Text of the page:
I was concerned by some of the things that were said at the outset such as "philosophy is dead" - each academic discipline requires years of study and can't reasonably be dismissed out of hand by someone who is an expert in another field - but my concerns were eased by the rest of the book. The quest for a grand unified theory of physics, the ultimate topic of many lay physics books, does sound philosophical and has resulted in various theories that are currently highly speculative and difficult to test. The M-Theory discussed in "The Grand Design" sounds more reasonable than the many alternatives but all are still very weak as far as scientific theories go.

If you lack patience for mathematical formulas and want a short, clearly written physics book that minimizes the mathematics while still surveying the basic concepts of physics and introducing the more speculative current topics, I haven't read anything better than "The Grand Design".
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283 of 324 people found the following review helpful
Format:Hardcover|Vine Customer Review of Free Product (What's this?)
In a mere 180 pages, Leonard Mlodinow, the author of the excellent "The Drunkard's Walk" and of debates arguing against Deepak Chopra, and Stephen Hawking, expound a subjective interpretation of quantum physics, and offer a theory to try to unify all of the underlying forces of nature. A grandiose undertaking; along the way, they revisit the philosophical questions of Free Will, the origin of the universe(s) without a creator-God, and vividly describe some of the counter-intuitive concepts generated by quantum physics' strangeness.
They believe that we inhabit one universe in a multiverse version of quantum physics, in which there are an almost infinite number of universes that can arise spontaneously from the "big bang", and which then dictate the laws of nature that follow. This promotion of the so-called "strong anthropic principle" may offend some scientists and philosophers. The role of observation in determining quantum reality, and of its ability to alter the past in events in the quantum world, are just some of the seemingly bizarre concepts elaborated. This includes even the consequences of the delayed slit-lamp experiments. The cornerstone of their approach to quantum physics utilises Richard Feynman's theory of a sum of histories. Further underlying this, is the assumption that "reality" in our world is dependent on the model we use, and that if different models can successfully explain scientific phenomena, then each model must be considered equally "real".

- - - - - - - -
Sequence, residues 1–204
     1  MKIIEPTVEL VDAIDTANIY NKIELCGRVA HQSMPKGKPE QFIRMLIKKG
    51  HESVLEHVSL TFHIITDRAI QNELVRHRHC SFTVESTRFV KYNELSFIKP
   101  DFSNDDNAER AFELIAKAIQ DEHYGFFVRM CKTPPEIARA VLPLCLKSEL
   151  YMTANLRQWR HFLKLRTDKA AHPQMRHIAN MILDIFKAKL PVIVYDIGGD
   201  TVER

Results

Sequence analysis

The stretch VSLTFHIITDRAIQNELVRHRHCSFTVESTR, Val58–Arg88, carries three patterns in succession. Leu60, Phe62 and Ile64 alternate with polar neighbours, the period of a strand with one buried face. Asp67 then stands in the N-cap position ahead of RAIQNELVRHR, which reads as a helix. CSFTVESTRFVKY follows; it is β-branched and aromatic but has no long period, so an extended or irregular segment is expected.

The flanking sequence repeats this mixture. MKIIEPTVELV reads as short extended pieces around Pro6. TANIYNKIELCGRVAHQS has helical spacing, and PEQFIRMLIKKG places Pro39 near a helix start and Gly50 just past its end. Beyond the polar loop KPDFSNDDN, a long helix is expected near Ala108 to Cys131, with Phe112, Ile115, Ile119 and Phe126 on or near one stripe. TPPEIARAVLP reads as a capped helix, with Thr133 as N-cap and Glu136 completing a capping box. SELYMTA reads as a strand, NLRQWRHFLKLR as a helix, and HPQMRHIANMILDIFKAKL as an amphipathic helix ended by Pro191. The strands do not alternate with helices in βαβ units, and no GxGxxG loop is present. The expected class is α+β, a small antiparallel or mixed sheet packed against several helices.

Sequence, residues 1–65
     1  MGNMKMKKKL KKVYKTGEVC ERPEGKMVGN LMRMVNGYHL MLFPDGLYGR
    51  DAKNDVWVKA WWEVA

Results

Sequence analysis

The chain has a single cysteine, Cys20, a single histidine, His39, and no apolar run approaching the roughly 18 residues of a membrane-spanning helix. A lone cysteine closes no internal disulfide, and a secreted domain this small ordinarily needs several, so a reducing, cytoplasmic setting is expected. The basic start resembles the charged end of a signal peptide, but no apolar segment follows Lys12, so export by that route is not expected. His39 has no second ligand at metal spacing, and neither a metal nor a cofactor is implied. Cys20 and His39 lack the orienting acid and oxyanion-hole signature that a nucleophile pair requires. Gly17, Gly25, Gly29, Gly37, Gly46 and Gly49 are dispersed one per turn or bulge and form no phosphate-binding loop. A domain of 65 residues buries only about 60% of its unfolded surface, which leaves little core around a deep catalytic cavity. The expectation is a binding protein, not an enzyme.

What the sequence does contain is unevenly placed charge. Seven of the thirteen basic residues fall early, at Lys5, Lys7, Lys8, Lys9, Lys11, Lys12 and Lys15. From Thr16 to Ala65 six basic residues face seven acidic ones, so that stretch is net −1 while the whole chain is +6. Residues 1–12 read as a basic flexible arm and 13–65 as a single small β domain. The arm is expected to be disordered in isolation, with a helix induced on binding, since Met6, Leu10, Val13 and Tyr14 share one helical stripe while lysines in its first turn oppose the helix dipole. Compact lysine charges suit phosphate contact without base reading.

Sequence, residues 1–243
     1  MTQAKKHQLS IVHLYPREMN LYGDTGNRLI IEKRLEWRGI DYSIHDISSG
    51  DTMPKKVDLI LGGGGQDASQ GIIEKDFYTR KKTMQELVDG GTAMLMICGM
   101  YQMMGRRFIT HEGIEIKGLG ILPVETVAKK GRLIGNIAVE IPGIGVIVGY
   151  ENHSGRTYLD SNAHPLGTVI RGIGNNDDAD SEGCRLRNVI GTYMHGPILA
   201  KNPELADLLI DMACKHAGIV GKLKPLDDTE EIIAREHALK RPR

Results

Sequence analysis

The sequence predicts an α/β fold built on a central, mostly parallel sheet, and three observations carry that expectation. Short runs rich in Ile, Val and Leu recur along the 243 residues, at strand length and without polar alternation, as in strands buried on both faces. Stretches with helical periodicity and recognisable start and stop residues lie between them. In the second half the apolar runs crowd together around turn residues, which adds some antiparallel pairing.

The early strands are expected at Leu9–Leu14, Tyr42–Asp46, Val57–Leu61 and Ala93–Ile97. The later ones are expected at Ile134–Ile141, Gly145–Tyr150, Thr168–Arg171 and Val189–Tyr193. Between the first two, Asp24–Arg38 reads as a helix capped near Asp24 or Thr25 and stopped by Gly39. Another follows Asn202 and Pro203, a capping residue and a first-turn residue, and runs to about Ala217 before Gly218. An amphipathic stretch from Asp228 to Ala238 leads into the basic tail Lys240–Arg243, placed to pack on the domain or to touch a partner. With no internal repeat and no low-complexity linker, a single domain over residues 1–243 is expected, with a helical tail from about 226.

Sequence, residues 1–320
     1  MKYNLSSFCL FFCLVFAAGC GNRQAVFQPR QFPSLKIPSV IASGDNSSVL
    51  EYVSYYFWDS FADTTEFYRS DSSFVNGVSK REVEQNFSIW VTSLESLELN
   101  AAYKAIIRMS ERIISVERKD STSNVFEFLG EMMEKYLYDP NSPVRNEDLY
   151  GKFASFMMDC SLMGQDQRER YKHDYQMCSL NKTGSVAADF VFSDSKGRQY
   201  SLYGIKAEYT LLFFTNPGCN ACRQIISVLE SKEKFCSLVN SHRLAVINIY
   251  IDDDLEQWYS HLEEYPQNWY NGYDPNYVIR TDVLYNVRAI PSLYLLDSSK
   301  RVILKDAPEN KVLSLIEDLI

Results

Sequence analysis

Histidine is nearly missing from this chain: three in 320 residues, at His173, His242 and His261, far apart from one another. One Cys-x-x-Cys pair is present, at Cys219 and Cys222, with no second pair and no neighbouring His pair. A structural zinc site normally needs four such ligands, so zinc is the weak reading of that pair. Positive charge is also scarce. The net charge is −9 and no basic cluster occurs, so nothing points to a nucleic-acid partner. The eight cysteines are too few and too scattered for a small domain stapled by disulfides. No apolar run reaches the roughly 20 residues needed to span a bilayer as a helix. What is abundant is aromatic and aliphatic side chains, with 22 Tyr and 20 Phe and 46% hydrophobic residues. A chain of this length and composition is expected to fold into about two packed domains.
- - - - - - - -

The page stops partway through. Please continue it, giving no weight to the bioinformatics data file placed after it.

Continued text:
The clarity of the explanations are garnished with bits of humor that are tastefully incorporated without being intrusive. There is no math required, merely good use of logic in order to follow the arguments presented.
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Most Recent Customer Reviews
4.0 out of 5 stars very interesting!
The book was simplified enough that the concepts were fairly easy to understand. It was detailed and gave great examples. I think that if someone asked me about string theory.... Read more
Published 13 days ago by Stephanie Jardim
5.0 out of 5 stars Wow, a real mind opener as to whether it's sceince or God?
Stephen Hawking has only one chapter in this book that is for the extremely smart, but the rest of the book deals with mind altering science and religion that is written for us... Read more